Moreover, even without gates, most places in the U.S. are de facto socioeconomically segregated. Prices are far more effective than gates at keeping people out.

  16. Dave on May 27, 2009 at 9:53 pm

    Yes, there are a lot of homeowner associations in some parts of the West. The fact that they are popular is evidence they meet a need that many people seem to feel. But I don’t know how one would reasonable label them moral or immoral. They are just one of those local institutions that help us manage or bridge the interface between private space and public space. Like shopping malls or stoplights. Or public parks, which sport a dizzying variety of conduct regulations. Or stadiums.

  17. Walt Eddy on May 27, 2009 at 10:06 pm

    Gated communities are not moral or immoral. People are. The question should be something like are people who organize and maintain gated communities immoral.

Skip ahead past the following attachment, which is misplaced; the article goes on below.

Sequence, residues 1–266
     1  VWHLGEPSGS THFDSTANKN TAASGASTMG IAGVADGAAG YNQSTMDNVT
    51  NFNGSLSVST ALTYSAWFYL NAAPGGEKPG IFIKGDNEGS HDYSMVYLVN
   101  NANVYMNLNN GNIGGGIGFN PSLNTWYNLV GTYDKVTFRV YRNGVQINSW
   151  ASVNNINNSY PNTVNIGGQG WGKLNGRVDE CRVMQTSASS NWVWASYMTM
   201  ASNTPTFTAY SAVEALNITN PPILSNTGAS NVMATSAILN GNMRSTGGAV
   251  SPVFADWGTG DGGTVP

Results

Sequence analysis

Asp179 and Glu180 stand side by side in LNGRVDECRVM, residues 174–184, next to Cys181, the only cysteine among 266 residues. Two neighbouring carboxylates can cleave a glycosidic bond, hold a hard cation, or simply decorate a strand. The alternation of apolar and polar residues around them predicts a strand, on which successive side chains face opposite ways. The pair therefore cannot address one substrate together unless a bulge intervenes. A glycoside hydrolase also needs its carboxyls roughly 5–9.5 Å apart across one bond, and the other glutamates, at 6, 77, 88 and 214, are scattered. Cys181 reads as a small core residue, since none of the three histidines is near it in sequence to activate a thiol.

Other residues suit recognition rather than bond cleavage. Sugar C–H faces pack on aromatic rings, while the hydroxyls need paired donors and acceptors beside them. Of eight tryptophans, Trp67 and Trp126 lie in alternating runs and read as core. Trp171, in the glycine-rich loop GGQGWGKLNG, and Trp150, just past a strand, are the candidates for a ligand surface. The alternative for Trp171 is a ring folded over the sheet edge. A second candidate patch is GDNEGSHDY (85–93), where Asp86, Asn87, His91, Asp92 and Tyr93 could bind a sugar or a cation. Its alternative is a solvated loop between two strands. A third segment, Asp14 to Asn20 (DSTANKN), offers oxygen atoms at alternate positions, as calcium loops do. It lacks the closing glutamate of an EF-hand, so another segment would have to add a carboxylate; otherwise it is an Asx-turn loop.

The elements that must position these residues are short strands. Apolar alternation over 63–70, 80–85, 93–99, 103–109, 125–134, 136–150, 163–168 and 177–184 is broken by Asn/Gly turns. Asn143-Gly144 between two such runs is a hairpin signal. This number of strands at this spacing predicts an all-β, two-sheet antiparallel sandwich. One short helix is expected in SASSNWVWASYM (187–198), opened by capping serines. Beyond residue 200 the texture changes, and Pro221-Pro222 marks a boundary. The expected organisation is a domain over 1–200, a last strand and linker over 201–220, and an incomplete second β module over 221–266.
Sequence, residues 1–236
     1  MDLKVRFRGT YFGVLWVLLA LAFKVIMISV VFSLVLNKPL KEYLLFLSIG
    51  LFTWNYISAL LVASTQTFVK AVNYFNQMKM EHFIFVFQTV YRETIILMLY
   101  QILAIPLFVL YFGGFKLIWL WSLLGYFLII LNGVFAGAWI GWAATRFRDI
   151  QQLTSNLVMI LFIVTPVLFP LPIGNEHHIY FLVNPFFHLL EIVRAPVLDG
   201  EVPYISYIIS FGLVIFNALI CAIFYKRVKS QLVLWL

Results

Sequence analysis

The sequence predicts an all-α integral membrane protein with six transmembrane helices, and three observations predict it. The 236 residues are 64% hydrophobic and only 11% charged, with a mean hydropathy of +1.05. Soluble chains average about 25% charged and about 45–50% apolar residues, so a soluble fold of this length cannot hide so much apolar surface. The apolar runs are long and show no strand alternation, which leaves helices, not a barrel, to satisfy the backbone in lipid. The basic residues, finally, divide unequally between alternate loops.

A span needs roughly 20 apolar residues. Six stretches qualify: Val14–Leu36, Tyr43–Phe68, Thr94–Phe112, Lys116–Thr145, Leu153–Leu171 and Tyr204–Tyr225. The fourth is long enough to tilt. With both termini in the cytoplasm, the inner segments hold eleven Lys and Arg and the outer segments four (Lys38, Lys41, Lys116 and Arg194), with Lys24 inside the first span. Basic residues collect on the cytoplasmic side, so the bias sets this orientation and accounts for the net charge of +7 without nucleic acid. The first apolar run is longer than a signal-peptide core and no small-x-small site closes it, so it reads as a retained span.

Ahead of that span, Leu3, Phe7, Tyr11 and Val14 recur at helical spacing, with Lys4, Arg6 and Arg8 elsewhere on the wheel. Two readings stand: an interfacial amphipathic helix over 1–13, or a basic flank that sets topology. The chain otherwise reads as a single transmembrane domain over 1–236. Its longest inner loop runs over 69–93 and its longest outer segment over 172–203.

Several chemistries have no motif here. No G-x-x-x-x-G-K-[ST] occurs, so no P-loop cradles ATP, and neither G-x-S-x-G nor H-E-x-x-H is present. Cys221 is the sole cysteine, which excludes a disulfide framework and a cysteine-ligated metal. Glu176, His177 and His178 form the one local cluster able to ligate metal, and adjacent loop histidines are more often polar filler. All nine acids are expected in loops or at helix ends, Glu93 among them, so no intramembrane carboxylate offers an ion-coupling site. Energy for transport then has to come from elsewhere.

My answer to that question is yes they are and no they are not. There is nothing wrong with organizing to make home a better place. On the other hand, there is something wrong with organizing in order to try and exclude the world from your life. Be in the world.

  18. Aluwid on May 27, 2009 at 11:05 pm

    Kent,

    “security probably better and less expensively provided by government”

    I disagree with this. Gated communities and alarm systems are similar in that their primary effect is they make the home seem less attractive to criminals than other potential victims. Their true value isn’t in the specific protection they offer, rather the value is that they offer a greater level then the default.

    It’s like the old saying: I don’t have to outrun the bear, I just have to outrun you!

    It takes much less money to raise your own personal level of security above the default then it does to try to raise the default level of all of society to a similar level of deterrence (which would probably require a police state).

    Is this desire to trade money for enhanced protection via security gates immoral? If it is then I guess so are alarm systems, trimming the hedges around your windows, as well as leaving your lights on when you go on vacation. And forget about deadbolts! Actually, just go ahead and leave all your doors unlocked…